The dispute with Big Machine Records over the master recordings of her initial six albums is fully documented. Still, Fearless’s release (Taylor’s Version) was a big reminder of why she is rerecording.
Finally, Taylor Swift’s rerecord is here, which means the small window of peace between now and when she amazes her fans with the next one starts now. She’s kicked off her grandiose scheme to regain the power of the masters to her initial six albums from music executive Scooter Braun with her 2008 sophomore album that is her first to get the Grammy for Album of the Year. She was 17 when Fearless came out, about the same age as Swift when she launched it then; listening to it as a fresh 30-year-old feels like a homecoming.
Taylor’s Version of “Fearless” is a 26-song collection of originals, bonus tracks, and synchronous songs from the vault, all afresh reworked. Nevertheless, it sometimes functions less like an overstuffed album and a delivery system for homesickness and revenge. The redone tracks from the original launch, which make up the album’s front portion, are way better than their forebears: crisper, warmer, more clearly announced. They sound more latest and, simultaneously, more lived-in. Adulthood and years on the road have loaded out Taylor’s voice and increased her range. However, the songs are otherwise as popular as anyone would hope, save for a modified word here, a clipped gasp there.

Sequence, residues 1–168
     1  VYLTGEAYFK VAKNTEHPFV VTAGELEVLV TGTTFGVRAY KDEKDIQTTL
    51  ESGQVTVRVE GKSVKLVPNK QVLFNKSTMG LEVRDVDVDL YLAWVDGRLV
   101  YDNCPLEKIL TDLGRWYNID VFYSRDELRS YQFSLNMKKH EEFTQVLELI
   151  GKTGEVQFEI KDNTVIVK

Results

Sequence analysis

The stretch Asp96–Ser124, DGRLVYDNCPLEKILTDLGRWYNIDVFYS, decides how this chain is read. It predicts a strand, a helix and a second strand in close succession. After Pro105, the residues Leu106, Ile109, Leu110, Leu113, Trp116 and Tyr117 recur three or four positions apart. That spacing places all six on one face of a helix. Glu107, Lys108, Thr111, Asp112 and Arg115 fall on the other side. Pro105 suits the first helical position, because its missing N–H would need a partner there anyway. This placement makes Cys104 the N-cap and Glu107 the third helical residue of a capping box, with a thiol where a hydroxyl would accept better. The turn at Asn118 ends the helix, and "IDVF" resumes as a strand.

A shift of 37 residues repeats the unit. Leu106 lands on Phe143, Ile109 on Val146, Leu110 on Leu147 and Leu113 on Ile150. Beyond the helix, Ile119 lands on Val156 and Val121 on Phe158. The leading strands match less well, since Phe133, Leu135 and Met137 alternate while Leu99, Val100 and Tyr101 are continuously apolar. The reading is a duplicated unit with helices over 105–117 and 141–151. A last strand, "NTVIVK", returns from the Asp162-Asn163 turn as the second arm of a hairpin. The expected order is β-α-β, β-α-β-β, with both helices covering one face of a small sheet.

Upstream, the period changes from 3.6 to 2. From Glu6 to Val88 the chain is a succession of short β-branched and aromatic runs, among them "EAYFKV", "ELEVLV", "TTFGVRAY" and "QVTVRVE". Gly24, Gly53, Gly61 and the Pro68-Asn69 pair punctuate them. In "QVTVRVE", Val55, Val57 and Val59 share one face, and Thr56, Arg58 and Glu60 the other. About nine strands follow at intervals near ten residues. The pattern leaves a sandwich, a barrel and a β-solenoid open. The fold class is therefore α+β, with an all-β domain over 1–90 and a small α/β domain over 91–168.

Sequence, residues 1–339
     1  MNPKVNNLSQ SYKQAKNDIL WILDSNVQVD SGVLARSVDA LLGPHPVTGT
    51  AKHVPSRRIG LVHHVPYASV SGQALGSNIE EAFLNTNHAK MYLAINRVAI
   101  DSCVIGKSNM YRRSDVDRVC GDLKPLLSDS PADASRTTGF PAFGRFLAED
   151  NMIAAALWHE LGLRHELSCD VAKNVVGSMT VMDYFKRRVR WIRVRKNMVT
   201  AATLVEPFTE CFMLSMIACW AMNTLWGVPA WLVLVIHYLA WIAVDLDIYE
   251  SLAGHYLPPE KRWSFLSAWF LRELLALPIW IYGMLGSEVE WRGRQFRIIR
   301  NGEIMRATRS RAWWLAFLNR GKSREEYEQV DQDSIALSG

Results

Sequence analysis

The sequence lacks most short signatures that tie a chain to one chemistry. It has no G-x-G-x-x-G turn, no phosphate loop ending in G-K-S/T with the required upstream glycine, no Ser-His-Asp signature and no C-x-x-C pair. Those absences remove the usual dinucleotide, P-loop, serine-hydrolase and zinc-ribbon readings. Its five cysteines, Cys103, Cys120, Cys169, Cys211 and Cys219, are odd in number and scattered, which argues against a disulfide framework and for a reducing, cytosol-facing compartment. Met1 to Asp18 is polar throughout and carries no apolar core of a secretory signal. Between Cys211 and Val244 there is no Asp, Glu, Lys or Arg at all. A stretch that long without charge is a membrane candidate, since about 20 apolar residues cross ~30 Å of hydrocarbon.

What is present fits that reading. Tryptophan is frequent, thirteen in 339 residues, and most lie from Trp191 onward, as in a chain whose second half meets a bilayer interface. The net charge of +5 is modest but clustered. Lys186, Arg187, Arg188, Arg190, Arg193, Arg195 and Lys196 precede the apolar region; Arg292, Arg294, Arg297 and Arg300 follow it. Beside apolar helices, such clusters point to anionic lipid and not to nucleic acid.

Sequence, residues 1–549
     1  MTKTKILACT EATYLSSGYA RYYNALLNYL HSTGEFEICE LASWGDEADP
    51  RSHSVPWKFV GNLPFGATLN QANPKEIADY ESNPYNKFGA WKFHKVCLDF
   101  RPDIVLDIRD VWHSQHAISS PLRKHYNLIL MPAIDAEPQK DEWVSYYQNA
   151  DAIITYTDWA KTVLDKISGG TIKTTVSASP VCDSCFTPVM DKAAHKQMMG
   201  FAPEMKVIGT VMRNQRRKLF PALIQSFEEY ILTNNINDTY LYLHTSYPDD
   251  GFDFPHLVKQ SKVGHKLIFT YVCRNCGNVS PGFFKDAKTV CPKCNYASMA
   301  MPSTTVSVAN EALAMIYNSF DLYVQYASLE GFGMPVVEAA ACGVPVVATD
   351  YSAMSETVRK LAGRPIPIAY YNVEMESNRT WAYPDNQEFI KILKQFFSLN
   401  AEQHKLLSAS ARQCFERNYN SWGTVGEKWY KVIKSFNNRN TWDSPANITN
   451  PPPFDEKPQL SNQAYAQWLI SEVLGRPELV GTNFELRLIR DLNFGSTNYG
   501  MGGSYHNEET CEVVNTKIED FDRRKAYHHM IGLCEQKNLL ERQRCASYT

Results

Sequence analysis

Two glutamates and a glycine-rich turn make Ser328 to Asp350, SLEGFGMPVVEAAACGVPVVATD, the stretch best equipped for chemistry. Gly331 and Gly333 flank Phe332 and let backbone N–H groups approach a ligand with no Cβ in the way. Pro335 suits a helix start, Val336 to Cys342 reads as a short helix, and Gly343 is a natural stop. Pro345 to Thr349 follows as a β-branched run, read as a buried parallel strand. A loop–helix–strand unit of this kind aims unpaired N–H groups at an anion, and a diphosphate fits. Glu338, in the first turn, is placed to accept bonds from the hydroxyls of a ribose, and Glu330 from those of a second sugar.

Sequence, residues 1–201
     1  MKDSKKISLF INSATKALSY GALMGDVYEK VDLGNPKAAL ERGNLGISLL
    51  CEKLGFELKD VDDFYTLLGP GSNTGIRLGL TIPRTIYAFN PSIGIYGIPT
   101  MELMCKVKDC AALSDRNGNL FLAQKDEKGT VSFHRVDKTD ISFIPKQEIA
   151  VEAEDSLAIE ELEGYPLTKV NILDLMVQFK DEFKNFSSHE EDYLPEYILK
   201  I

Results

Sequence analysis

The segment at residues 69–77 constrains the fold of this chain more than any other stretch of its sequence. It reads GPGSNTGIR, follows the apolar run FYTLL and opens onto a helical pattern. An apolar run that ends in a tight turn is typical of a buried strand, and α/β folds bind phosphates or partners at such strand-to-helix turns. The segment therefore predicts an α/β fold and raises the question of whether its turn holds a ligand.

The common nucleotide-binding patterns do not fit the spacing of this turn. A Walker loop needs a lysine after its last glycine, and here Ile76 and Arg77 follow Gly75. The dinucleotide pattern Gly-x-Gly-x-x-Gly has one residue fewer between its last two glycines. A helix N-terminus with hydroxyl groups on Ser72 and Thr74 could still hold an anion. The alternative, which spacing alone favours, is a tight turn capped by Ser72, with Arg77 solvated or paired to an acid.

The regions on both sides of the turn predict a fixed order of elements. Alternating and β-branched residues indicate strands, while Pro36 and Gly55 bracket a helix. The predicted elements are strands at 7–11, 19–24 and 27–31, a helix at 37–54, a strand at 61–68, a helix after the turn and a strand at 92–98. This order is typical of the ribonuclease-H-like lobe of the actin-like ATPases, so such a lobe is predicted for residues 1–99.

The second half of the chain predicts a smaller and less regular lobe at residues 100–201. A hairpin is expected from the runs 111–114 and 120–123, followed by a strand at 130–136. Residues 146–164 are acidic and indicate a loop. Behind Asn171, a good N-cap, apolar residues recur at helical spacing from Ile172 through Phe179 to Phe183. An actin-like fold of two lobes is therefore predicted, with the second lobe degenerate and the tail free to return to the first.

There are several moments in ‘Fearless (Taylor’s Version)’ when the updated production and road-honed vocal depth can likewise jolt us out of the record. Yet, the cause and story behind it assuredly carry it through.
“We did go in and try to perform a ‘the same but better’ version,” Taylor stated.
“We kept the same parts that I initially fancied up for these songs, but if there was any way that we could grow upon the sonic quality, we did,” Taylor added. “We just kind of took the knowledge that we have earned over decades of playing this music & applied that to it.”